Predictive Analytics Case Study: Dorothy Andrews, ASA, MAAA
Since this interview, Dorothy Andrews has taken on a new role as chief behavioral data scientist at Insurance Strategies Consulting.
Dorothy Andrews has always sought out opportunities that require statistical and data analytical skills, especially in nontraditional spaces. Her philosophy has always been "learn the business you want to build predictive models for."
Today Dorothy is a consulting actuary with Merlinos & Associates, a leading property, casualty, and health actuarial consulting firm. While her skills translate to a variety of industries and models, she works with her life insurance clients to build predictive analytics marketing applications to better segment customers.
"Just the way Netflix suggests viewing picks to its subscribers based on past viewing selections, marketing insurance products is more effective when you customize the marketing of products to consumers most likely to buy them," she said.
Dorothy did not start her career to be an actuary, however. In fact, the former high school math teacher didn't learn about the profession until she returned to graduate school. She was fascinated with how to use statistics to solve real world problems, which pushed her to learn new skills.
During her tenure at John Hancock Mutual Life Insurance Company, Dorothy partnered with IT professionals to help them interpret and correctly program actuarial solutions. That is where she learned about IT architectures and protocols.
She was then one of the few actuaries working for Wachovia bank (now Wells Fargo) and the only actuary in the credit risk area. She worked closely with mathematicians, statisticians and economists in what she calls a "rich intellectual environment."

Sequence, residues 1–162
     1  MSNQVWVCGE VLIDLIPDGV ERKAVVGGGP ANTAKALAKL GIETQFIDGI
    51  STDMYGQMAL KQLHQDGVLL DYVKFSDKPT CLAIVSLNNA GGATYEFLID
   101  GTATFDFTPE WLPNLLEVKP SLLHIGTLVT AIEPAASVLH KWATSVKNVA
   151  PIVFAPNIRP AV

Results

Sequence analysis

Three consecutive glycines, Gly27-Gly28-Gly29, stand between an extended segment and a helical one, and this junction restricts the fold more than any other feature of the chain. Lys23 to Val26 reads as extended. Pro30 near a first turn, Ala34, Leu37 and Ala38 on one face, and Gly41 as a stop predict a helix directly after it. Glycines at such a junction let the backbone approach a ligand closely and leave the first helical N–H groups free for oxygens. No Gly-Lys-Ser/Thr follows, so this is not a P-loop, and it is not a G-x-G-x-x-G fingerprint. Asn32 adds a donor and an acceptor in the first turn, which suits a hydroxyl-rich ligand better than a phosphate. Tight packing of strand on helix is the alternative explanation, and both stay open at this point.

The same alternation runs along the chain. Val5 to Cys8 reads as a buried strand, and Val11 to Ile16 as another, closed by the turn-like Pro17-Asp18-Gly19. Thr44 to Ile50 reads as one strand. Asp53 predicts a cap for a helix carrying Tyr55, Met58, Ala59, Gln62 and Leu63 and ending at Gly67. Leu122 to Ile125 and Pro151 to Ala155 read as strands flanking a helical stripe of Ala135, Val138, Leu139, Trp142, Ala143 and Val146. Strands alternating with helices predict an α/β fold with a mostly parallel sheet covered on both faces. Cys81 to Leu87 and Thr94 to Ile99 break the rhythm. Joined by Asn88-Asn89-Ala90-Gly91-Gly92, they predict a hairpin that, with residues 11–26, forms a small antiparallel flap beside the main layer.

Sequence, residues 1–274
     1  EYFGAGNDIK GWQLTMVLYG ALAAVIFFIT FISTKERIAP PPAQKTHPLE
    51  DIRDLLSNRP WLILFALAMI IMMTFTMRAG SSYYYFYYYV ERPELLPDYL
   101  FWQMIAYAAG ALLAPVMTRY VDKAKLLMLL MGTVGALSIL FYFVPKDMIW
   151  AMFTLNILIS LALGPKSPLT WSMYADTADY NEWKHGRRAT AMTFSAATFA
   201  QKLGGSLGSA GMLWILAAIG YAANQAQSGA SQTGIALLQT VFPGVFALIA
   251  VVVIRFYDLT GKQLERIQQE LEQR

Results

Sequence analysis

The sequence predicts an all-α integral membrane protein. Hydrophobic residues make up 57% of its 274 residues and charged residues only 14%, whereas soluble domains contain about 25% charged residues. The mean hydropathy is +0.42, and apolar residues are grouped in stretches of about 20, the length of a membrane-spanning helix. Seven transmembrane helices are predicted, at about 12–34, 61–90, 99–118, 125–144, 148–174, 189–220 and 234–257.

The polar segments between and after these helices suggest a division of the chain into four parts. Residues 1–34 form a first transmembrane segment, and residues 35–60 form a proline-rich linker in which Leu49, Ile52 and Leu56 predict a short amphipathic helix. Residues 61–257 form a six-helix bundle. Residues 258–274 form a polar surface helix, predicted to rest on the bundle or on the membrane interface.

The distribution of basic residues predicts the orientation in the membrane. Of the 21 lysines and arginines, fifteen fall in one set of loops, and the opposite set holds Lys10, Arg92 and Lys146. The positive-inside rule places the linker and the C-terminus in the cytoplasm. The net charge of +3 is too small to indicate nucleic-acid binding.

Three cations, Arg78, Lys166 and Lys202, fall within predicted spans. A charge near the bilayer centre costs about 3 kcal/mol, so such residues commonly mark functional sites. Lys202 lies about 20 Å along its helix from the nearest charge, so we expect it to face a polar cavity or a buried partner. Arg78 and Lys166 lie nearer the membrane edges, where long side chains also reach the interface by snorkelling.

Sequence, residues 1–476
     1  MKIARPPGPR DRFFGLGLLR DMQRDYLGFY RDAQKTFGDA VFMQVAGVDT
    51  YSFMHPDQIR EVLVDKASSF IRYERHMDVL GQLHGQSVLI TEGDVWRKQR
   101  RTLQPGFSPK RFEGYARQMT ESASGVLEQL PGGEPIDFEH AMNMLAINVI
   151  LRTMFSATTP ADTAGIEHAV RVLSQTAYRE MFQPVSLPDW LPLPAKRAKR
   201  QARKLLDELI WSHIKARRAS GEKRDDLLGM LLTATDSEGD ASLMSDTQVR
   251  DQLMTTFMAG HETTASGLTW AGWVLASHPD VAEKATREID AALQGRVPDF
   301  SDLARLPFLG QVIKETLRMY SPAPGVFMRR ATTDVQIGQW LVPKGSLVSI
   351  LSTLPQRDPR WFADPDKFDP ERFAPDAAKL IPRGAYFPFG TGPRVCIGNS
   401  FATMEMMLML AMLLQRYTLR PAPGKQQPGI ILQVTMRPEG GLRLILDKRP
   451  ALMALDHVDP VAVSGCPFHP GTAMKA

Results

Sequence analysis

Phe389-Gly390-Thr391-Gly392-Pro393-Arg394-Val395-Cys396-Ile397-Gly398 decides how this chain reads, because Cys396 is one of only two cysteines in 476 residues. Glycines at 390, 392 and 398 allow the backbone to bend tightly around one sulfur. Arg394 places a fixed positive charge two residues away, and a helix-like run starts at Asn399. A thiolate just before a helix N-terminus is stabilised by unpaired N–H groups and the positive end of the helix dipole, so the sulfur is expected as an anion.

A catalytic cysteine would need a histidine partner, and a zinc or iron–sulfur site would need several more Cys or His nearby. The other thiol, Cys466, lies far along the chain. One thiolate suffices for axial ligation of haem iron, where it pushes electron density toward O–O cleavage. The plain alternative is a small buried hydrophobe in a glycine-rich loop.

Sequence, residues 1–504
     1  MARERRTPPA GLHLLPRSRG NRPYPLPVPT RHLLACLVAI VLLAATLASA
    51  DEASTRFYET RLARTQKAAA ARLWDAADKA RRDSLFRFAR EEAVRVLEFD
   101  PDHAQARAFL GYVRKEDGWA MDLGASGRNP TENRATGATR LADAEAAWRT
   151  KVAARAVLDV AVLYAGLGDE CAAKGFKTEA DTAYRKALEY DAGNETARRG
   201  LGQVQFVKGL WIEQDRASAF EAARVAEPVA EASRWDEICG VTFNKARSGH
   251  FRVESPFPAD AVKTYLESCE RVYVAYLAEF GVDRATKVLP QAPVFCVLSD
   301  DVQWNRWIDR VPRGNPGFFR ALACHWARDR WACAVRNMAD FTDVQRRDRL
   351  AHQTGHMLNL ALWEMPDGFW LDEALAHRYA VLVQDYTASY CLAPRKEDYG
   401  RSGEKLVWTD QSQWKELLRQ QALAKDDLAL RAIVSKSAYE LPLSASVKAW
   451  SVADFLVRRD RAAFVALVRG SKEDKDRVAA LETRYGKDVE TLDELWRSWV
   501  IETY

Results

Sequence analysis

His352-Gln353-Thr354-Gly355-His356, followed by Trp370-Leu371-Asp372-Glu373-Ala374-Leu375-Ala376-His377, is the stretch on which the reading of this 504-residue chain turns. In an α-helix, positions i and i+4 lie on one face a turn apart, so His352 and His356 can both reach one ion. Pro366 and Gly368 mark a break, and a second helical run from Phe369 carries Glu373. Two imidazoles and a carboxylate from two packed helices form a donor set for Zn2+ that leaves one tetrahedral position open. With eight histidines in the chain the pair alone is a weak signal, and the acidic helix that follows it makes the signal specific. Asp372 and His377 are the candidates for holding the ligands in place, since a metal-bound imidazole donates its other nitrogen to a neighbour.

Yet it was in her role at the United States Department of Agriculture (USDA) that Dorothy truly fell in love with predictive analytics. She was part of the team building the predictive analytics engine for the USDA's new Public Health Information System. She took pride in helping to build a food safety inspection system to monitor and protect the nation's food supply from threats like residues and pathogens.
When Dorothy returned to insurance, it was to lead a team of predictive analysts for a property & casualty (P&C) insurer. Recognizing the synergies between the predictive modeling, underwriting and actuarial pricing areas, she worked with her team to replace outdated models with new, trusted models to understand key areas of the business.
Today it's easy to see the role of predictive analytics in P&C and auto insurance, especially given the large data sets from the frequency and variability of claims. Yet life insurance can appear too different to use the same techniques.
"Not to be too simplistic," Dorothy said, "but there is only one claim on a life insurance policy and that claim terminates the policy."
However, Dorothy sees predictive analytics as increasingly important in life insurance, especially as the industry tries to attract younger customers. Predicting policyholder behavior can enhance underwriting, marketing assumption settings and financial modeling. By coupling lifestyle attribute data and medial underwriting data, insurers can assess customers' healthy lifestyle choices, for example, and they can provide better, technology-driven products to the right customers.
Regardless of the industry, Dorothy believes modelers need strong theoretical skills and an inquisitive mindset to translate data into relatable solutions.
"A modeler needs to be able to distinguish between statistical noise and true statistical signal in underlying data," said Dorothy. "They also need developmental questioning skills and an inclusive communication style because models don't build themselves; people do."
Dorothy thinks actuaries are inherently qualified to lead predictive analytics efforts changing the industry. She says opportunities are everywhere for actuaries if they are not afraid to venture beyond traditional boundaries.